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The Importance of Managing Risk to Help Achieve a Comfortable Retirement

Many employees fear they might fall short of securing a sustainable income in retirement. In response, plan sponsors are exploring outcome-oriented solutions that may provide for participants well beyond their first day of retirement.

The challenge: Many employees fear they might fall short of reaching a sufficient amount of savings to provide a source of sustainable income throughout retirement. This anxiety is exacerbated by the “longevity risk” of longer lifetimes that may require saving for up to 30 years, or more, of retirement. Plan sponsors are responding by seeking to deliver outcome-oriented retirement solutions that may provide for participants well beyond their first day of retirement.

Prudential’s Day One Funds are designed with these challenges in mind and are based on extensive research and analysis of participants in defined contribution plans serviced by Prudential Retirement. The findings from this research helped us form a better understanding of the primary risks participants face at different stages of their retirement planning—accumulation risk, sequence of returns risk, and inflation risk. Any of which could potentially lead to a shortfall in retirement assets. In addition, because high investment costs can also undermine retirement goals, we’ve combined active and passive vehicles—which may help to achieve risk-adjusted returns while maintaining cost effectiveness.

Accumulation Risk—Being too cautious early on
Younger employees with lower balances and longer time horizons need to save more and generally have a long time horizon until retirement to invest. Therefore, exposure to equities and other assets which may provide higher returns early in an investor’s career can be critical. As seen in Figure 1, in the short run, equity returns can be volatile. However, when investors are able to take a longer investment outlook that short run volatility fades. Thus, longer holding periods afford younger participants the time to benefit from the potential positive cumulative returns from higher returning assets.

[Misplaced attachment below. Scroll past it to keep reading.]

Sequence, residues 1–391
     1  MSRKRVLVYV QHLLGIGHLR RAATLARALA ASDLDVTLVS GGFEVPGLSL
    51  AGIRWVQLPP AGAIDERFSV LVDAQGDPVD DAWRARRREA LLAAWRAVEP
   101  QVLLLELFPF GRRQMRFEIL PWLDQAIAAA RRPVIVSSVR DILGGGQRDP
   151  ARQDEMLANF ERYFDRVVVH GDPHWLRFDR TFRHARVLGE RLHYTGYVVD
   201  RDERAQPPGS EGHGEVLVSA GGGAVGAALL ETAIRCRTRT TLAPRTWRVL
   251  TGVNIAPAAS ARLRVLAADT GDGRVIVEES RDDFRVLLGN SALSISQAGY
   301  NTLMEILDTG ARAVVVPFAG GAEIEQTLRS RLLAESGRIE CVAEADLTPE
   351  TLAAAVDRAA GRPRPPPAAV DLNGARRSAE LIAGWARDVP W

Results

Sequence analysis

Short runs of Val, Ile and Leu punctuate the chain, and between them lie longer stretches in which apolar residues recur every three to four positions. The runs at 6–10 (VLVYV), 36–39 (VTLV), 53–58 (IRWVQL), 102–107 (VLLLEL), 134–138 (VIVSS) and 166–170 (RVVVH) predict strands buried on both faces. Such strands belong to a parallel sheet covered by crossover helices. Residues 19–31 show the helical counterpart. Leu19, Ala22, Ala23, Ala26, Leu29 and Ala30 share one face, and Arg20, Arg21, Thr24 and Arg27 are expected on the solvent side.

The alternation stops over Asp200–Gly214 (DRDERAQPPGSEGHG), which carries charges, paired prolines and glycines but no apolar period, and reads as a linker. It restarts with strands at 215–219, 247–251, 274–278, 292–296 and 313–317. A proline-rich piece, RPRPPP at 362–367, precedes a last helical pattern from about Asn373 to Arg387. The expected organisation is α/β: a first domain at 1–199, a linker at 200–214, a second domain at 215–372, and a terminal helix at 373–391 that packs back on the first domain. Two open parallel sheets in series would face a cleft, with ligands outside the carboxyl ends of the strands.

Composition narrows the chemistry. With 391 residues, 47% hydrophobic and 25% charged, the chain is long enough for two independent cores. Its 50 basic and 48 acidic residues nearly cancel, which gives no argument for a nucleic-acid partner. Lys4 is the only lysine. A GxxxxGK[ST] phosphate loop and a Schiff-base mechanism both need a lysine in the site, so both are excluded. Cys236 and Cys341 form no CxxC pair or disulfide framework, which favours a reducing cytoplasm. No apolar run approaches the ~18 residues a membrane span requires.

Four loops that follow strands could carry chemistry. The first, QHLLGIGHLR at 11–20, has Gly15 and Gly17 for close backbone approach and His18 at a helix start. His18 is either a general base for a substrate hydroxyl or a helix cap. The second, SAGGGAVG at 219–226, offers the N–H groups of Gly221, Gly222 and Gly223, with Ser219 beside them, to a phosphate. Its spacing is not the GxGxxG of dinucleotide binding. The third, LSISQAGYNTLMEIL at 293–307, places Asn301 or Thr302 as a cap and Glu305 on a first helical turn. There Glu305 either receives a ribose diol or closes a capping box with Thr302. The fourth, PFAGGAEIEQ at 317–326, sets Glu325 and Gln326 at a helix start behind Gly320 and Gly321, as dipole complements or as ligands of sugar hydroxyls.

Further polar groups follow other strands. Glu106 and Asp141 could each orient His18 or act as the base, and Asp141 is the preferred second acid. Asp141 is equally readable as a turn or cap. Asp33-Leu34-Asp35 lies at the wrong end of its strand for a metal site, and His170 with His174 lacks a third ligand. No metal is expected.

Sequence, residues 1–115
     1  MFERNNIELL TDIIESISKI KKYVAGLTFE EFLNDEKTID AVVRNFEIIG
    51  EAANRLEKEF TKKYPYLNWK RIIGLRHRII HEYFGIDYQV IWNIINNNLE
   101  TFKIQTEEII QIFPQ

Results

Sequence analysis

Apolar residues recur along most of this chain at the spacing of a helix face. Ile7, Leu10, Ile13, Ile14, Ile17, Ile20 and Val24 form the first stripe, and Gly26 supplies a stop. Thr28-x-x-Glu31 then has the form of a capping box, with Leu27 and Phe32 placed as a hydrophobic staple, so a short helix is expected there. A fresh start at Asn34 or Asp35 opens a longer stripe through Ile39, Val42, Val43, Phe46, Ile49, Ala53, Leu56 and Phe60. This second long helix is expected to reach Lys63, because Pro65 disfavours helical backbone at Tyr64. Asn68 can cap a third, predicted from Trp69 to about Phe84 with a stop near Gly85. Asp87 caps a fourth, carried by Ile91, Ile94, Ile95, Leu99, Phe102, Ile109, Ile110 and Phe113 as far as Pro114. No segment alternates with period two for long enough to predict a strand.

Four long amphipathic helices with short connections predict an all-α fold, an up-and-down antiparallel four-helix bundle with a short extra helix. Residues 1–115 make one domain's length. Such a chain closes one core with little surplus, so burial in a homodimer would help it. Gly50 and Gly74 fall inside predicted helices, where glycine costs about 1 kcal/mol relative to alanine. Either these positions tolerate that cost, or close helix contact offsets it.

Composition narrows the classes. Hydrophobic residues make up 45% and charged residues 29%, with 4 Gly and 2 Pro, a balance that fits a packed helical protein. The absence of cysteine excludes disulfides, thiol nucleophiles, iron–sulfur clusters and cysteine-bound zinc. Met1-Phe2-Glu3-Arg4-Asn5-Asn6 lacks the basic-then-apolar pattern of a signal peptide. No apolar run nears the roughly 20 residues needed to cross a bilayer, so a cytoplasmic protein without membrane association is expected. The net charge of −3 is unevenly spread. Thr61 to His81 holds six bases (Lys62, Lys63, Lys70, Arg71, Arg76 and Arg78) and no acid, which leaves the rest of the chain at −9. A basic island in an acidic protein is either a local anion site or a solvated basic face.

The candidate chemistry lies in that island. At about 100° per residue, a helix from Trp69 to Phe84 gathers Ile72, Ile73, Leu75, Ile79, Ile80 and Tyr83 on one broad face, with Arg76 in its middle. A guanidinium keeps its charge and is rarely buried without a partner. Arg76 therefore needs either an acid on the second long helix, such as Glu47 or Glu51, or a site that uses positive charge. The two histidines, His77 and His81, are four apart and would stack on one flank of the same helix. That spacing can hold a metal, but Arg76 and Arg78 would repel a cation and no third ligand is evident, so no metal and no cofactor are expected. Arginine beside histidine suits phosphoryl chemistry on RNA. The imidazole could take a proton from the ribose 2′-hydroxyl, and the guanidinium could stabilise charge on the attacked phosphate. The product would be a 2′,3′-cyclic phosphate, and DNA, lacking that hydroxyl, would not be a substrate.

Sequence of Return Risk—Poor returns at the worst possible time
Significant losses in the few years leading up to and just after retirement can lead to inadequate savings. To mitigate this sequence of returns risk, we significantly reduce equity exposure during the 10 years before and after retirement—the “Retirement Red Zone®”— by reducing exposure to equities and increasing exposure to fixed income. We believe this is critical at a time when participants have less time to recover from a hard hit to their retirement portfolio. During the 2008/2009 market correction for example (Figure 2), reducing equity risk could have preserved a significant percentage of wealth for those participants in or approaching retirement.

Inflation Risk—The loss of purchasing power

Despite the absence of broad-based inflationary pressures in recent years, inflation likely will rise at some point. Even low inflation compounds over time and can significantly erode purchasing power. As illustrated in Figure 3, we believe the best way to maintain a post inflation standard of living in retirement is through diversification employing a blended portfolio with multiple assets with low correlations, such as commodities, private real estate, REITs, and TIPS.

Our Research Shaped Glidepath